PARIS, FR. Latifa Echakhch’s installations displace concrete understandings of habituated space. Her most recent exhibition at galerie kamel mennour, All around fades to a heavy sound, featured a curtain made of canvas, depicting an archetypal sky. As the fabric rolls out onto the gallery space, the perfect color blue is met with fluffy white clouds to greet the viewer. This installation accompanies two paintings of organically made ink blots, which are entitled The movement of steps slows down until perfect immobility and Arms opened and eyes closed, referring to a poetic and object constructed narrative. In a review of her exhibition in Art Daily, her work is described as, “Only when supposedly known objects have been emptied of their original meaning can they be read in new ways,” which an apt synopsis of Echakch’s methodology. Echakch’s objects appear as elements that through her translation of usage are able to hold meaning – while at the same time, they defer being understood in a literal manner, in this case, the sky is falling. This notion of story telling is one that she has considered through previous works, her carbon paper installations pointing toward the intersection between abstract art and politics, where the paper in the piece was also the material used to make underground newspapers, once used to pass on messages that would otherwise be intercepted. There is a sense of secrecy that abounds in the work, whether through hidden messages, or skewing familiar forms.
This installation harkens back to one done at the Hammer Museum in Los Angeles in 2013, where Echakhch used carbon paper and phalo ink, both mediums in which information is passed on, to create an installation that encompassed the hallway of the museum. The colors are modern referents in art history, but also a widely used color – existing in the space between the expected and the unexpected. The title, À chaque stencil une révolution (For each stencil a revolution), is sourced from a quote by the Palestinian leader Yasser Arafat when he spoke of protest movements of the 1960s and the instrumental role that the mimeograph machine served. Echakhch’s work discharges these symbolically loaded values through their formal aspects, as nothing besides the color is being communicated to the viewer. Though it seems like a didactic display, it also pictures a political history of abstraction. In another piece, entitled Untitled (Red ball and figure), Echakhch reinserts the use of Yves Klein Blue poetically and inadvertently, transforming two familiar symbols in modern art – the red ball and the blue monochrome canvas – as if it were a garment previously worn. As the curator, Anne Ellegood, states, “…in the 1950s, [abstract art] was used as a kind of propaganda tool to promote American values around the world.” All around fades to a heavy sound is no exception; whenever Echakhch uses a form, she uses it in such a way that it resists being understood one dimensionally.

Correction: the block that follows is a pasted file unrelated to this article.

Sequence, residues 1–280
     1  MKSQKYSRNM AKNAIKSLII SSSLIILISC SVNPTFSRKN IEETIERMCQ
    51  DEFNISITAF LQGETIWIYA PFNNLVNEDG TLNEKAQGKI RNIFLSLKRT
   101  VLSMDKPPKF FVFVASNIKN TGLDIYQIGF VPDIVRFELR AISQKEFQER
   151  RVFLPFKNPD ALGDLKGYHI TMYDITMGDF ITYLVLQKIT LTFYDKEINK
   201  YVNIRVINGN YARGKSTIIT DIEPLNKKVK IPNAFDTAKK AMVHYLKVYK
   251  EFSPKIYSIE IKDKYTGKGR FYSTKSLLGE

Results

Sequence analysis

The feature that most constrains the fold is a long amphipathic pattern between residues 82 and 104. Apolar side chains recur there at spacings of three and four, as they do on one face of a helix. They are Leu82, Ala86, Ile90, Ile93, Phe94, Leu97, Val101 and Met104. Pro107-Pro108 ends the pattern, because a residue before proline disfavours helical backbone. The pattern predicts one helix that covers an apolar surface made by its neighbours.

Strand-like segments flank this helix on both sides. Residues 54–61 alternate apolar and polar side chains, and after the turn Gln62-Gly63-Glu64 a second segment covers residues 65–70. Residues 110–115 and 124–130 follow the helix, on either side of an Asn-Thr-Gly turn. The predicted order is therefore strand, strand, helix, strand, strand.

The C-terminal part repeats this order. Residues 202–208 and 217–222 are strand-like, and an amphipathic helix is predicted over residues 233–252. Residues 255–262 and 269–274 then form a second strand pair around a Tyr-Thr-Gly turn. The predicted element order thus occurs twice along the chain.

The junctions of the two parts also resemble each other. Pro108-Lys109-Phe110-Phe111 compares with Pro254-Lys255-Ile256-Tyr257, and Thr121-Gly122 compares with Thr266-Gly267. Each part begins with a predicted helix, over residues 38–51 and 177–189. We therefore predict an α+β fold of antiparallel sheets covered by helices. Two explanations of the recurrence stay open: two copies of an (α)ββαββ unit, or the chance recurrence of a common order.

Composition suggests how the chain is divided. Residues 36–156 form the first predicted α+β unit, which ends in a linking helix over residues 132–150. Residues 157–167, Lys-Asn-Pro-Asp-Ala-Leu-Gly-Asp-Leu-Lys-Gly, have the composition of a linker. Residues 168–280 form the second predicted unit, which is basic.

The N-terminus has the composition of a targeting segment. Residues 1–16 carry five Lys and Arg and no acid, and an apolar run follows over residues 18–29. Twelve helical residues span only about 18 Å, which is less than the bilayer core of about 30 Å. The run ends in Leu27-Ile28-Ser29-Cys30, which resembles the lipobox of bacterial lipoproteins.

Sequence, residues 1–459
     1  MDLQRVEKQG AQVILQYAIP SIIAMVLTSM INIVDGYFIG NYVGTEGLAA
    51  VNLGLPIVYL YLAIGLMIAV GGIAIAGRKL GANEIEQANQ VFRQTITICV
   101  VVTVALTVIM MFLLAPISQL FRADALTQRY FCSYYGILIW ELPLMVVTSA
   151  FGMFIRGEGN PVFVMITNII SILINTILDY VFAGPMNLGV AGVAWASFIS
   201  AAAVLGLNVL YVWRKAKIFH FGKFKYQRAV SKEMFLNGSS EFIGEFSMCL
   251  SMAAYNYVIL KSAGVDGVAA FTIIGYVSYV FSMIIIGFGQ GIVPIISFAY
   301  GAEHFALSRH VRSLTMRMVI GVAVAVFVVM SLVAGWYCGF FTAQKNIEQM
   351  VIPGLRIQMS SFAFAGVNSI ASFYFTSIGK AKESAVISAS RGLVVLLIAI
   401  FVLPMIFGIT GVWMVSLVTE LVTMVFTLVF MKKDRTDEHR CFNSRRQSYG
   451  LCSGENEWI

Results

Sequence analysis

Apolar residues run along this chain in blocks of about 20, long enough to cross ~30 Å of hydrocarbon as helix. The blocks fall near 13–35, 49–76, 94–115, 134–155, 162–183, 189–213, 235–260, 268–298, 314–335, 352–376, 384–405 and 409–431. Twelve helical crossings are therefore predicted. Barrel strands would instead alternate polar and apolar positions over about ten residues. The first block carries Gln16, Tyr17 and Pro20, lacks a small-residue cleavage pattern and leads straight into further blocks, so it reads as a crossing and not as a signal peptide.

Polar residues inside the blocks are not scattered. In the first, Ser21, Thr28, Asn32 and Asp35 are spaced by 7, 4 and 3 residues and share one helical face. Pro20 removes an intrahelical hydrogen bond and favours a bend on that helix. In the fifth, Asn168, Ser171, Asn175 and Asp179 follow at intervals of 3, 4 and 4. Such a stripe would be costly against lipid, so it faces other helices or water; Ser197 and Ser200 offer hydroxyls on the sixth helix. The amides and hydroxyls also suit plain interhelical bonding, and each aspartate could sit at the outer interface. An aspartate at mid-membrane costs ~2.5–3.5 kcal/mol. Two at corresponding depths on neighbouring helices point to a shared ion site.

The exhibition stimulates the visual presentation of a circus, but depicts instead the melancholic and emptiness of the spectacle. The “circus” in the All around fades to a heavy sound is the sky itself – a space commonly associated with the everlasting or transcendental. However, Echakhch’s rendering of the infinite, or the heavenly, offers a conscription of space that destabilizes its present definitions, rendering what exists above us as anything but common.
 ArtDaily. “French-Moroccan Artist Latifa Echakhch Opens Exhibition at Kunsthaus Zurich.” French-Moroccan Artist Latifa Echakhch Opens Exhibition at Kunsthaus Zurich. ArtDaily, n.d. Web. 21 Apr. 2014.
 Tantemsapya, Susannah “Curator Anne Ellegood Talks Latifa Echakhch at Hammer Projects.”Whitewall Magazine. Whitewall Magazine, n.d. Web. 26 Apr. 2014.
Published THE SEEN.